Twidox, “a free, user generated online library of ‘quality’ documents,” launched their private beta today. The “private” beta can be accessed with a beta-code, which virtually anyone can obtain by registering. For readers of this blog, you can simply type in the beta-code “creativecommons” to check out Twidox.
Twidox is a content repository where anyone can upload and publish their work under a Creative Commons license, donate it to the public domain, or retain “all rights reserved” copyright. They have built in CC licensing, so you can easily tag your resources under the license of your choosing. Twidox’s focus is on:
- academic papers and articles
- research material
- professional and industry specific documents
- coursework and dissertations
- data and statistics
Like Scribd, IssueLab, and a host of other platforms that have built in CC licensing, ccLearn encourages the open publication of educational materials on the internet. We will follow the progress and evolution of Twidox, who “[does] not see similar sites as competitors.” They state that “Rather than trying to compete with organisations such as the ‘Max-Planck Institute’ and ‘Frauenhofer Institute’, for example, we see them as potential co-operation partners and welcome partnerships.” They also differ from other content repositories in that they are working to cull content on a wider scale by collaborating with various European organizations, versus simply hosting individually contributed materials. So far, Twidox is working with the United Nations Global Initiative to Fight Human Trafficking and also their Office on Drugs and Crime.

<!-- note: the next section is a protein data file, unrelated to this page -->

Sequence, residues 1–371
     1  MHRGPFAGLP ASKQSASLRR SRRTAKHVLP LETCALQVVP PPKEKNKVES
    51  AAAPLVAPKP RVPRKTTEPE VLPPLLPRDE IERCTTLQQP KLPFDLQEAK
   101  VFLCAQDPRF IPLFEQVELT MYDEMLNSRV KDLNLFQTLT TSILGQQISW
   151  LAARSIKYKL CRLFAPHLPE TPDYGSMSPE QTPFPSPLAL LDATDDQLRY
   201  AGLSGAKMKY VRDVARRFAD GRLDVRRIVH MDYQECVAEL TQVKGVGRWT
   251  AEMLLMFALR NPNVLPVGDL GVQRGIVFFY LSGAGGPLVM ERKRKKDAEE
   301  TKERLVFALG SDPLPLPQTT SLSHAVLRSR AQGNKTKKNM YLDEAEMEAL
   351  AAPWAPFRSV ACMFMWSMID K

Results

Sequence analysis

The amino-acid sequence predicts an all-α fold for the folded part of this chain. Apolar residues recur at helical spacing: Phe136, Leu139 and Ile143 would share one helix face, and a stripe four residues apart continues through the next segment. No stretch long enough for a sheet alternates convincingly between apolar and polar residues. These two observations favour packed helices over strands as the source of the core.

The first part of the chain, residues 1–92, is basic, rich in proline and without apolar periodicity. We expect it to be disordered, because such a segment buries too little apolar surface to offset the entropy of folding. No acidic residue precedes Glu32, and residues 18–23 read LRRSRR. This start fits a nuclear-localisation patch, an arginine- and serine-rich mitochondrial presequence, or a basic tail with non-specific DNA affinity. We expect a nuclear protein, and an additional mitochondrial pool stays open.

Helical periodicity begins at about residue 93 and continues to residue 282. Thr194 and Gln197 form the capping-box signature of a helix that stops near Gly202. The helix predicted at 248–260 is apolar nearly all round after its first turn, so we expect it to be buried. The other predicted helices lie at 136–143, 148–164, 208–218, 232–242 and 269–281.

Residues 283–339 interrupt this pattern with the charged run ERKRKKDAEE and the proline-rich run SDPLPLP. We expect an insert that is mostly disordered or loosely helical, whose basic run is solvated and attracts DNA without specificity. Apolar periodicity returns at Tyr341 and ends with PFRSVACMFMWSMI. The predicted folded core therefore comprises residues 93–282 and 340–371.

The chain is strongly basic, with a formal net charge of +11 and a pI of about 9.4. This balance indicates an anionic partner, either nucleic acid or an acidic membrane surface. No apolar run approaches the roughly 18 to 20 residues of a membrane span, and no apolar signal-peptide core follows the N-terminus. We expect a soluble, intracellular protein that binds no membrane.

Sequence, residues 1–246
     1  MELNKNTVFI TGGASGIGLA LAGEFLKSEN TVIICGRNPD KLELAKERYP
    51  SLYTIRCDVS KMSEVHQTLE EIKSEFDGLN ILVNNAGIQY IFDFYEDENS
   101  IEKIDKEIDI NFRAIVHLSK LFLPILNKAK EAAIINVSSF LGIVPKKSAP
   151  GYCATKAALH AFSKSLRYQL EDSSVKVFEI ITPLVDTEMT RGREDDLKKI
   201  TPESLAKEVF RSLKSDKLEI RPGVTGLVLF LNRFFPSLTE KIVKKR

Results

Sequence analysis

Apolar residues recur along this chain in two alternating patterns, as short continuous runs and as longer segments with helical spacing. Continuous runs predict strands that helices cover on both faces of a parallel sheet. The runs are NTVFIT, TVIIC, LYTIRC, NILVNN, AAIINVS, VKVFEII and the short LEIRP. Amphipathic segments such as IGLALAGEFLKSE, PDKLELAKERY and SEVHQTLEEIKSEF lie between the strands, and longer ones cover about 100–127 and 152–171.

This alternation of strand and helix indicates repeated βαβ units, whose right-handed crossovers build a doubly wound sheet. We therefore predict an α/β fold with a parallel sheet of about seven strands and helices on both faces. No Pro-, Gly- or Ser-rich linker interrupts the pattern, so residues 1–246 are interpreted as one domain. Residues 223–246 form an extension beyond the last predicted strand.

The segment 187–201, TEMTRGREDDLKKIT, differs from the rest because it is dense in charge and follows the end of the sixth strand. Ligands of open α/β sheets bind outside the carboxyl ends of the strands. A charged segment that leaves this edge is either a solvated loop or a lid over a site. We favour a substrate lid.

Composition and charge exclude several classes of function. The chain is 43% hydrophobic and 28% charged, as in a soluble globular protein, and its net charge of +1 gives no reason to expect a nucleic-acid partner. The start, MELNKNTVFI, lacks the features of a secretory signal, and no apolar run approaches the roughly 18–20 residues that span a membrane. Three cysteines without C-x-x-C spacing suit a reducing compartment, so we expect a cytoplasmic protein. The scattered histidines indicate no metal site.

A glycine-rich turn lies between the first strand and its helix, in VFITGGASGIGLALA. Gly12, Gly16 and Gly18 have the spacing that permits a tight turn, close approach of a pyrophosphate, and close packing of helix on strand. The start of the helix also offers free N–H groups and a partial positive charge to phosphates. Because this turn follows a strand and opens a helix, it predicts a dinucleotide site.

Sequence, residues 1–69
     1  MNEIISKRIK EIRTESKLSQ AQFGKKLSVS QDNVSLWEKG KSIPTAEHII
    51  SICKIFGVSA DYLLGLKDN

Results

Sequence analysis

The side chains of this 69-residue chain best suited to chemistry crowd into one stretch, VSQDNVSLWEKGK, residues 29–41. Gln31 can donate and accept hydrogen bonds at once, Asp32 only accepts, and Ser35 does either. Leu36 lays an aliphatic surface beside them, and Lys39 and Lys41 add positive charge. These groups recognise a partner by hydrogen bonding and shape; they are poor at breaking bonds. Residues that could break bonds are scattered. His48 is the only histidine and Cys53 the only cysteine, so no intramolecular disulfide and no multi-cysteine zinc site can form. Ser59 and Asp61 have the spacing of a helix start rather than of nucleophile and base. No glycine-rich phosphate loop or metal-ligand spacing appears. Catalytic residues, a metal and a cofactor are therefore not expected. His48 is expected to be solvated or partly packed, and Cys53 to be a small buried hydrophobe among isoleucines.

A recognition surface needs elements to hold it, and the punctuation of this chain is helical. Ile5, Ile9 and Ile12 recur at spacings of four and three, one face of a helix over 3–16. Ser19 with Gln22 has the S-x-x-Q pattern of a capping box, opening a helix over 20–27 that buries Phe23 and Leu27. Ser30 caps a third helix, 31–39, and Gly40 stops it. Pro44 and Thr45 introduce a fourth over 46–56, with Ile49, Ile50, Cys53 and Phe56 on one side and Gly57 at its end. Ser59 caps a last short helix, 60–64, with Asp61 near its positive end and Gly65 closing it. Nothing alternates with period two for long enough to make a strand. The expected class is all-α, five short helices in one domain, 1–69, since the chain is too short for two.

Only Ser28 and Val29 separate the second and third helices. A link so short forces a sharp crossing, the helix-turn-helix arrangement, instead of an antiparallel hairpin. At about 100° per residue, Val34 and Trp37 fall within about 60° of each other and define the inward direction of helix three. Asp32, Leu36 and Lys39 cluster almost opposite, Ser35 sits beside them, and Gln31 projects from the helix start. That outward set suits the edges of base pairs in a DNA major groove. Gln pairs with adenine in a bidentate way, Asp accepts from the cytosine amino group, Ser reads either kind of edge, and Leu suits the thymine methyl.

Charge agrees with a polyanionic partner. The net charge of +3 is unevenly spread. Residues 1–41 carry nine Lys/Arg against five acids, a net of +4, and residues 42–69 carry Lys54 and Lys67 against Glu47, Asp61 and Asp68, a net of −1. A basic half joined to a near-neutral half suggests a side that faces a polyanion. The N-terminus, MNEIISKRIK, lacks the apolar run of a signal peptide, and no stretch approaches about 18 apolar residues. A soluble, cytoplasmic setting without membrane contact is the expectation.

Twidox was founded by Nicholas and Daniel MacGowan von Holstein and Jan Deppe. The idea for Twidox began in a university when they began “discussing the difficulty of searching for relevant quality documents for research purposes (access to knowledge). The greatest obstacle lay in the relevance of search results returned from search engines, getting access to subscription-paying sites that did have relevant information and the vast number of websites from different organisations that held documents on the same subject.”
We look forward to seeing collaborations occurring between Twidox and organizations with similar aims.
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